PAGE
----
Back in October I was missing the mountains and looking for a way we could find some altitude. Without the freedom of the last two years we’re constrained by work, so we took advantage of Paul’s enforced winter holiday. He has to take two weeks off over the Christmas period which was a good reason to plan a trip away in Bertie.
With social commitments, including the Exmouth Christmas Swim, we would have a week for a trip somewhere, and this time it would be the Lake District. It’s somewhere we have avoided in the last ten years as it is just so busy, a little unfair maybe, but when given a choice we always plumped for the elbow room of Scotland or the slightly less popular mountains of north Wales. It was time to put that right and head back to the fells.
I wanted to stay at Sykeside campsite in Patterdale; nestled between Fairfield and High Street with Helvellyn in easy reach, it seemed like the ideal destination for a week of walking. But the lakes are still popular even (or maybe especially) in the Christmas and New Year period, so a whole week was off the cards, I only managed to get three nights booked in.
In retrospect three nights may have been enough. I definitely want to go back but I think we might have endured our maximum amount of time without access to the internet. Even the radio was mostly silent although sometimes we managed to pick up Manx Radio, which triggered recollections of several stints working on the Isle of Man. We had been warned, so had downloaded maps, books and tv programmes to keep us going. Next time we’ll make sure we have some playlists downloaded too.
We gave ourselves seven hours to get to our destination before darkness fell. It’s a long trip from Exmouth with plenty of opportunity for delays. In the end it took us nearly nine hours including half an hour at a snails pace in the darkness and fog of the Kirkstone pass (it only took 6 hours to get back!). It’s not a bad drive, a little narrow in places but mostly two lanes, however when you cant see where you’re going it’s a bit more interesting.
Sykeside was a fantastic spot on the flat valley floor with good hardstanding pitches for motorhomes and caravans and amazing views in all directions. The weather was blowy and gloomy at times but it rarely rained and the low cloud zooming in over the mountains was incredibly atmospheric. The local pub was cosy, serving good beer and providing slow wifi for those of us desperate to know what was happening in the outside world. It was a welcome respite for the hardy souls who were under canvas.
From here you could chose to walk the Fairfield peaks or the High Street side of the valley without having to move your vehicle. Helvellyn is a longer trek; outside of the winter season there is a bus that will take you up the valley but it wasn’t running while we were there.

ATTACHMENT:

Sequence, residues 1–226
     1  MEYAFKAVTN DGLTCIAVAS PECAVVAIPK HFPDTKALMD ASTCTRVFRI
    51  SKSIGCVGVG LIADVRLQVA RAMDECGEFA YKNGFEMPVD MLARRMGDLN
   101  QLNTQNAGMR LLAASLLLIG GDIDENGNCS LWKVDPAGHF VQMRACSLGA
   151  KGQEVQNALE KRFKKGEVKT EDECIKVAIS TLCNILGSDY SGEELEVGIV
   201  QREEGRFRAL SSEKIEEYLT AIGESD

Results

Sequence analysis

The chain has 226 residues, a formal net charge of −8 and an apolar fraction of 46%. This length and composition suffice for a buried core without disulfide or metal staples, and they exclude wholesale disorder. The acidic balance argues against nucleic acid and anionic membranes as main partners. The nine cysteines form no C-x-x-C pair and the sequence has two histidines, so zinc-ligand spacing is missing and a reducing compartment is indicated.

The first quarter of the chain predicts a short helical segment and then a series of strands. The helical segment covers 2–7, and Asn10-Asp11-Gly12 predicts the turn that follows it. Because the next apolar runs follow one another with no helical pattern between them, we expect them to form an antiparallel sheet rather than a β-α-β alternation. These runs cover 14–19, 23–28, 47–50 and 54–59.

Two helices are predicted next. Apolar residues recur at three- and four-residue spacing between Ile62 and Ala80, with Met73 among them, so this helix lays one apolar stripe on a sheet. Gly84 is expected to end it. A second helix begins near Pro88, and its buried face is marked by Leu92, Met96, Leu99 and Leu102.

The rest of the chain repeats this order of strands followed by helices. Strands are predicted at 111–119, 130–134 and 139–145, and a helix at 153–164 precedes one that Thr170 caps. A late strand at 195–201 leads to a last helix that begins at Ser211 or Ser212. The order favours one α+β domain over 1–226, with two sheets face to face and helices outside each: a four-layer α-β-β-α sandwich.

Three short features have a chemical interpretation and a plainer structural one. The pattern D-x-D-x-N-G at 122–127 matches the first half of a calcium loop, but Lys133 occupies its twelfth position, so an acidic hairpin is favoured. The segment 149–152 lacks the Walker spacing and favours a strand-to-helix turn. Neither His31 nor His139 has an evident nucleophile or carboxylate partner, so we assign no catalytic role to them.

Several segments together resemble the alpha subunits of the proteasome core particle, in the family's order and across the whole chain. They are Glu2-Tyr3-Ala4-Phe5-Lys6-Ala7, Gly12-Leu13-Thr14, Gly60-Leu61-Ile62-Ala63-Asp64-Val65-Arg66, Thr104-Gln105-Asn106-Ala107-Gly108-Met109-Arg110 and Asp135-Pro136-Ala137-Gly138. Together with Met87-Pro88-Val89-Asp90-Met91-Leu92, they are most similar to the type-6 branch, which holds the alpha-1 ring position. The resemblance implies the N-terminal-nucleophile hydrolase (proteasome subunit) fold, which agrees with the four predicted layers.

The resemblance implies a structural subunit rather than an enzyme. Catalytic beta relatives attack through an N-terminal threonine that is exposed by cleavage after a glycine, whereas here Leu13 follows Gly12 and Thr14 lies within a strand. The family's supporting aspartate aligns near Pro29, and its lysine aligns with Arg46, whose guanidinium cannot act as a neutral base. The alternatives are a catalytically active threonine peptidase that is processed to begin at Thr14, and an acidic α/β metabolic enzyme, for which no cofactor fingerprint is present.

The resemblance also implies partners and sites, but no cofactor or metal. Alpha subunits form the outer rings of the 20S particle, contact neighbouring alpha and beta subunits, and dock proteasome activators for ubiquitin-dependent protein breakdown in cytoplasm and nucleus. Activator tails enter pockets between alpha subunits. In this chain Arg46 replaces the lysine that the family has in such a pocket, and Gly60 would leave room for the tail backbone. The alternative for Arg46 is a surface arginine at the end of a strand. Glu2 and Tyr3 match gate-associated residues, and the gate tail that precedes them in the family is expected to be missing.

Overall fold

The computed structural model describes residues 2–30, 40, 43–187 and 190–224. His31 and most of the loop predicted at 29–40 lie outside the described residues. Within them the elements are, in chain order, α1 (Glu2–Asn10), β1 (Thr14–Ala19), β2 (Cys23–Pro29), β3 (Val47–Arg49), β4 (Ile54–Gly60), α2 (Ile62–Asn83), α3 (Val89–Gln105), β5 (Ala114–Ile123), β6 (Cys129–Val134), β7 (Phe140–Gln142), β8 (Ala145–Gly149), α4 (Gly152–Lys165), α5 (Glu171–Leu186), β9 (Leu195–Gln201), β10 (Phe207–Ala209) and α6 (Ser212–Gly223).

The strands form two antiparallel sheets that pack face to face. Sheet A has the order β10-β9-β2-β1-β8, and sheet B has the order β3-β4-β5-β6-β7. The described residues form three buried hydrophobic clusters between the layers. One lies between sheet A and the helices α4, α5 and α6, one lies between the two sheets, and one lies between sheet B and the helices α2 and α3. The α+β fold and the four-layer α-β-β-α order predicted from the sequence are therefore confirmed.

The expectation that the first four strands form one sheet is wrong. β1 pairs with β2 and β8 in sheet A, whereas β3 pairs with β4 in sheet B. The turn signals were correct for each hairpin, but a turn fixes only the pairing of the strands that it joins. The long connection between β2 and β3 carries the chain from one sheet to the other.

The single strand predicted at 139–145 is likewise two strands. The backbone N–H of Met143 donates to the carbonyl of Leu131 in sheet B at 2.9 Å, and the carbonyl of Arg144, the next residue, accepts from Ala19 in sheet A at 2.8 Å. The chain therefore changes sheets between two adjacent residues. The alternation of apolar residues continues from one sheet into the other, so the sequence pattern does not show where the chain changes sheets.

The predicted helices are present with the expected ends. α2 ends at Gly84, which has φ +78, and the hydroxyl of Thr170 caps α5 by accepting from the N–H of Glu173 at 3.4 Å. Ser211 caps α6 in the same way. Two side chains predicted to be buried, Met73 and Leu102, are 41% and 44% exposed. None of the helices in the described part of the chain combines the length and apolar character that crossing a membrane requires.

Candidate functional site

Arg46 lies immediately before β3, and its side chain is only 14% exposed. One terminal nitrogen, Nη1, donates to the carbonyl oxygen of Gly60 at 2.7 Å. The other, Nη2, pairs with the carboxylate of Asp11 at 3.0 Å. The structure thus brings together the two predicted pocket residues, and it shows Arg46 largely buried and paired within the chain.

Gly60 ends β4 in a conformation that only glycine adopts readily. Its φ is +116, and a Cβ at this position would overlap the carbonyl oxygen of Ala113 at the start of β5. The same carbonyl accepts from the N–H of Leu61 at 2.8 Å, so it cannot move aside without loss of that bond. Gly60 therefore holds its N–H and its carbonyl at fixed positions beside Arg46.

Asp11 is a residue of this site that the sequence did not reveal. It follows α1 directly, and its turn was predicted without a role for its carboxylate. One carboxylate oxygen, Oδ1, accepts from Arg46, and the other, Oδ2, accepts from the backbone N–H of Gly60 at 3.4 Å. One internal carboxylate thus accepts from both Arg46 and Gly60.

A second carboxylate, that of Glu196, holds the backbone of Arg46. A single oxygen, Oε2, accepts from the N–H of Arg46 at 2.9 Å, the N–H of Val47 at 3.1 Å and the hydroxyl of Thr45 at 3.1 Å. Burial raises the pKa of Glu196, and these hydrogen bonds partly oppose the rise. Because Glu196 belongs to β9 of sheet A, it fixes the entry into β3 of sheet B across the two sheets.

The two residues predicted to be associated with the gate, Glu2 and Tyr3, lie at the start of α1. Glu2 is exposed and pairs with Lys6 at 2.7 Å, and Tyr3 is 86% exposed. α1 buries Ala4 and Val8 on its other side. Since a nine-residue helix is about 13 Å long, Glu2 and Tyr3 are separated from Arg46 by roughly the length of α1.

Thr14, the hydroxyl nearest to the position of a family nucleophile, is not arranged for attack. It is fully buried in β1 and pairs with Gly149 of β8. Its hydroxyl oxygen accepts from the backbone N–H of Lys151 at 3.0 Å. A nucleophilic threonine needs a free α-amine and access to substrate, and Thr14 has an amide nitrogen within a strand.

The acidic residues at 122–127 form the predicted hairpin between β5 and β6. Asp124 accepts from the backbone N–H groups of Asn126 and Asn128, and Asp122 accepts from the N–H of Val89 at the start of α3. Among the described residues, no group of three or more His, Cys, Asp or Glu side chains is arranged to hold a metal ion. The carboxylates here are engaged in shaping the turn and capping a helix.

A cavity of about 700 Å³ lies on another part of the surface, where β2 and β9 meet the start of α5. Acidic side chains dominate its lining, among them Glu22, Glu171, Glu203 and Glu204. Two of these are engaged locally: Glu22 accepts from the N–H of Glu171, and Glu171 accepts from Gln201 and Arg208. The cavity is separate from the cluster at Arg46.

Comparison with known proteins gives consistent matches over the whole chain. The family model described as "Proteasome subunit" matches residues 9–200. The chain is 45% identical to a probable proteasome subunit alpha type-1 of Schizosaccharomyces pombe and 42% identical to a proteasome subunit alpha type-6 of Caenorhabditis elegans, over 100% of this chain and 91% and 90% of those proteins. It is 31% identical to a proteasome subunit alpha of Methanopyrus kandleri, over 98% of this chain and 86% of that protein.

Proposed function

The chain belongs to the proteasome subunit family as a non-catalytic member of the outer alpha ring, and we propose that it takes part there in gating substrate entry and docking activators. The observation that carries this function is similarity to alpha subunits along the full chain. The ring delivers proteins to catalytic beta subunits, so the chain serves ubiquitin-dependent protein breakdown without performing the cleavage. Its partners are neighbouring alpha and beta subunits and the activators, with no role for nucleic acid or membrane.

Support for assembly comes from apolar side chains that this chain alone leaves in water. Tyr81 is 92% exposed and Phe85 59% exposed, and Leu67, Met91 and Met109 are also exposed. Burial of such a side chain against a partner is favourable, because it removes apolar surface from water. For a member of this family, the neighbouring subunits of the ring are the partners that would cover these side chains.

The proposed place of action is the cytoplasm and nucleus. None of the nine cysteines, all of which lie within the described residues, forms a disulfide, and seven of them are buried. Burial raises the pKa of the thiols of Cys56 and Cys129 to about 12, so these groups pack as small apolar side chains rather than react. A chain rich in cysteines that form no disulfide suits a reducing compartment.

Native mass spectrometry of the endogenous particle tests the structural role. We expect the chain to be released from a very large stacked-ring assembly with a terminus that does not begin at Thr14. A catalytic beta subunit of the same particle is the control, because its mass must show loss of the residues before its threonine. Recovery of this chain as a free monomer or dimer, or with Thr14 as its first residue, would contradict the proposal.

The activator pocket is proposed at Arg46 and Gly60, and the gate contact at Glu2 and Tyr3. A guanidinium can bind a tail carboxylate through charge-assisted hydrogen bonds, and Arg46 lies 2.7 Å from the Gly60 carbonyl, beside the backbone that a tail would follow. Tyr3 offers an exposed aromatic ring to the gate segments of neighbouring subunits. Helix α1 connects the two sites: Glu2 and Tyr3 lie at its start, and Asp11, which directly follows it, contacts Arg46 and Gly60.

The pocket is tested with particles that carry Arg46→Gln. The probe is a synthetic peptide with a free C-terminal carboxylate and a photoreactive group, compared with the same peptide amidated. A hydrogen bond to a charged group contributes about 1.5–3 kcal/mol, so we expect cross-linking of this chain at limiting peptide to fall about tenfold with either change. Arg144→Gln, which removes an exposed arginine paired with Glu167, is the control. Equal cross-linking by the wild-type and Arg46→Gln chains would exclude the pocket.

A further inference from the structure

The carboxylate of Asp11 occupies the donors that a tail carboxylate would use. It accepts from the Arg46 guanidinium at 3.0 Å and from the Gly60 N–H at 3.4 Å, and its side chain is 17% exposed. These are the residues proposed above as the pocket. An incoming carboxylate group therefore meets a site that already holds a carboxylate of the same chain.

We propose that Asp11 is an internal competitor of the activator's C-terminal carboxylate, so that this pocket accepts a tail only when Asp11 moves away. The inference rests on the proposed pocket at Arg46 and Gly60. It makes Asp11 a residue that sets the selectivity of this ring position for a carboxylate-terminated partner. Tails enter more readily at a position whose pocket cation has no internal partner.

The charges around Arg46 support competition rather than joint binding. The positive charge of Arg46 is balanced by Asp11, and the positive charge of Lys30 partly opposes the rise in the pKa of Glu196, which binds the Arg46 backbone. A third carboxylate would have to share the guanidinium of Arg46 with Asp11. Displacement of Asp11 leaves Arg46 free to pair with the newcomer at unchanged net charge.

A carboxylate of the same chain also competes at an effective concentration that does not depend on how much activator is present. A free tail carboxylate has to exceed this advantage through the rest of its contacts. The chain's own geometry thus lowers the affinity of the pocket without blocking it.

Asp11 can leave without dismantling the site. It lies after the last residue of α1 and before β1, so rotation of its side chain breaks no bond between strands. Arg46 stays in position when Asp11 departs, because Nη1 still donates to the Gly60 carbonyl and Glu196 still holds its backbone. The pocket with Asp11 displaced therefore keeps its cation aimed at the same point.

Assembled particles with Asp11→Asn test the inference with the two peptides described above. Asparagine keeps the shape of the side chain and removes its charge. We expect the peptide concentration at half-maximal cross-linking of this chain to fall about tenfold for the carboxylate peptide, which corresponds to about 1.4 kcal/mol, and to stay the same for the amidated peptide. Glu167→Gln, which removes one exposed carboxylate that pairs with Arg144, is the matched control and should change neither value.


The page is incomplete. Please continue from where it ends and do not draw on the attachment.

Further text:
With our two full days we decided on a walk up Fairfield first of all. With the cloudy weather we wanted a walk that would be easy to navigate so walking up Dovedale and back down Caiston Glen, with a quick diversion to the top of the mountain, was ideal. The route follows streams, becks, fences and walls for most of the way, handy handrails when the fog was around us.
For the second day, as the winds strengthened about us and put paid to any thoughts of Striding Edge, we decided on a valley walk. Down to the end of Ullswater and back again the valley paths allowed us to enjoy the occasional sunshine while remaining sheltered from the blustery winds.
It was a shame to have to move on, but the site was fully booked for new year so we took the route back over the Kirkstone Pass (in daylight this time, although the fog was still lingering). This time we were heading to the Camping and Caravanning Club Windemere site.
For hikers this site doesn’t have an awful lot to recommend it, it’s a few miles to Windemere and lacks the dramatic views of Sykeside. The walking direct from the site is a little tame; farm lands and low moors rather than the high fells. It’s not that they aren’t enjoyable walks, just slightly disappointing when you can see the heights in the distance.
But even if it doesn’t provide a mountainous Lake District experience there is enough to recommend it for a few days. A bus (you take your life in your hands crossing the A591) will take you towards Windemere and Ambleside in one direction, and Kendal in the other. Plus the village of Staveley has a great bike shop and the Hawkshead brewery provides a fantastic venue for beer tasting. Best of all (ok, maybe the beer is the best thing) there is some fantastic mountain biking in the area to the north of Staveley and it was this that made the site worth visiting for us.
Our New Years Eve mountain biking route up Longsleddale, over the top at Sadgill and back via Kentmere gave us plenty of opportunity to get off of the roads and onto bridleways. It was challenging enough for us without taking us ridiculously high into the mountains. Yes, there was a bit of pushing and carrying involved (cycling uphill on cobbles is pretty tricky) and Paul managed to bend his back wheel so that we had a constant thrumming accompanying us, but it didn’t detract from a great day out.
We were so bushed from cycling that we didn’t manage to stay up to see the new year in. We woke up briefly to the sound of other people celebrating on the campsite before falling straight back to sleep again. Missing a specific minute didn’t bother us though, just getting away for a trip to the mountains in Bertie had been celebration enough.